@stevenroose The idea is that the compiler is backwards-compatible and automatically updates, so you never have a reason to stay on an old version.
It's exactly the same thinking as the change from the Internet Explorer upgrade model to Chrome upgrade model.
@stevenroose It is of course a shocking difference compared to C's "C 1999 is still too new in 2019" approach.
There are two major features Rust wants to release (async and const generics), and may slow down after that.
@kornel The flipside is that when your codebase is v1.19-compliant, you get a heckton of warnings printed about all kinds of things being deprecated.
But well, backwards compatibility is of course awesome. But there are reasons to stay on an older release, though: https://github.com/marshallpierce/rust-base64/issues/112#issuecomment-520907539
@stevenroose Rust ecosystem doesn't support Debian, sorry. You will have *endless* pain if you try to use Debian's unsupported Rust versions. It's rustup-or-nothing.
@stevenroose At Cloudflare we use Debian, but make our own Rust .deb.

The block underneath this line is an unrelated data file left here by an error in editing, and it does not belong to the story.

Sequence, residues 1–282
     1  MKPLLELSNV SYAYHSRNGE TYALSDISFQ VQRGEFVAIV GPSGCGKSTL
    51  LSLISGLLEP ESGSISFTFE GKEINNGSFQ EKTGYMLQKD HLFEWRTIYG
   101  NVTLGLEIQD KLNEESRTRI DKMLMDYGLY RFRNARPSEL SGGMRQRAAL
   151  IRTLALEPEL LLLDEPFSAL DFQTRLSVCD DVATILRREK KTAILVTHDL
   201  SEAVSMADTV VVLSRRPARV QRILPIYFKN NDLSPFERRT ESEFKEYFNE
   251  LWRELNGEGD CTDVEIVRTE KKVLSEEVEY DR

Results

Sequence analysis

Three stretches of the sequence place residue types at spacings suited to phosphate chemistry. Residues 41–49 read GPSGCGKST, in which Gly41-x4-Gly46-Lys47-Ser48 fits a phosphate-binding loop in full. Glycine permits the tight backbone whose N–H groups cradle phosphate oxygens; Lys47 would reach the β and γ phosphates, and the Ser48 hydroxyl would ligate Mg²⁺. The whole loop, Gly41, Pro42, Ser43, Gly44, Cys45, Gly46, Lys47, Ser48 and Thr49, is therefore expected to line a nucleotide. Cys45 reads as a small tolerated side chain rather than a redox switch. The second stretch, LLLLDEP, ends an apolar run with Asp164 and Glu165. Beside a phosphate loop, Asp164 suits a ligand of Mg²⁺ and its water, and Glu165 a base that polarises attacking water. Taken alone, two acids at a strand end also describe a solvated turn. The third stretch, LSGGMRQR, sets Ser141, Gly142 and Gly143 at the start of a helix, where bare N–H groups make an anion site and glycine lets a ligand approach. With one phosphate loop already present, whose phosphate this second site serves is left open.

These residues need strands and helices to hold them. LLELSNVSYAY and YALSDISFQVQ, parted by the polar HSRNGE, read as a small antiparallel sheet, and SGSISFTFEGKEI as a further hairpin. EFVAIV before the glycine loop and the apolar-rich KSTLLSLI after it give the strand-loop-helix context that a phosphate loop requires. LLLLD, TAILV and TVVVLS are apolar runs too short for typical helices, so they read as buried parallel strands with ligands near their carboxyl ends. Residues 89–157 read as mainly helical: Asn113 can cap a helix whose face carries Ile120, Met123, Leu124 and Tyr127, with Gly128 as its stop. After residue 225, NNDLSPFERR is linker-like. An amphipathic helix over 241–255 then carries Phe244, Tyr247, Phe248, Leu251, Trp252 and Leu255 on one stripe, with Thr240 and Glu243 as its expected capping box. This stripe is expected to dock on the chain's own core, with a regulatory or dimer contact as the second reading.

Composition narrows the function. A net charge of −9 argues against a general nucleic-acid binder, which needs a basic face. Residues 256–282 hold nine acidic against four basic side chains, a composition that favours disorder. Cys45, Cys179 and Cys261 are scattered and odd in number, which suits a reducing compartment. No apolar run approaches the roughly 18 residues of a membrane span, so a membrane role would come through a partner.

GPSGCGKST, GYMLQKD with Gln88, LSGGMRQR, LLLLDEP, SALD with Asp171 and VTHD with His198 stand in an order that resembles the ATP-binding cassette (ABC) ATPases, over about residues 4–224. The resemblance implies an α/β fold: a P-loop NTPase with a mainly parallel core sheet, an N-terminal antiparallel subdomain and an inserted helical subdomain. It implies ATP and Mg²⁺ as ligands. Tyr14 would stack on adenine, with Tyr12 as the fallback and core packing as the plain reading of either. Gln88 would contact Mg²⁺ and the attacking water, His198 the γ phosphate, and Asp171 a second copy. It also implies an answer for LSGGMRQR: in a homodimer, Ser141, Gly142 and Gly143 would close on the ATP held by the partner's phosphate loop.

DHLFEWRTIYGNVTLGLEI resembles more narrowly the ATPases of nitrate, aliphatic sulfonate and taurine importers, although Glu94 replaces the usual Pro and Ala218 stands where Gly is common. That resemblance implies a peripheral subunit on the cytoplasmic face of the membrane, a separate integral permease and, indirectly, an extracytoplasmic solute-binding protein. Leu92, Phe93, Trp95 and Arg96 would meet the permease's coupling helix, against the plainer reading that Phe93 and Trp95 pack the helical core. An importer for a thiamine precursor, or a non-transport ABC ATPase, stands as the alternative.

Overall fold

@stevenroose @kornel debian trying to be c's package manager: "oh yeah, we give you outdated software, but don't worry about security issues! when we hear of security issues in the upstream project, someone from our team will start editing critical parts of other people's c code until it compiles again, then we'll ship it to everybody. also, two thirds of our package names end with -dbg or -dev, because all software has header files and debug symbols, doesn't it?"
@stevenroose It definitely tries to follow a successful model. Cargo is very similar to npm. Language's backwards compat + continued evolution is similar to EcmaScript. Rustc release trains are the same as browsers' shipping V8 & SpiderMonkey.
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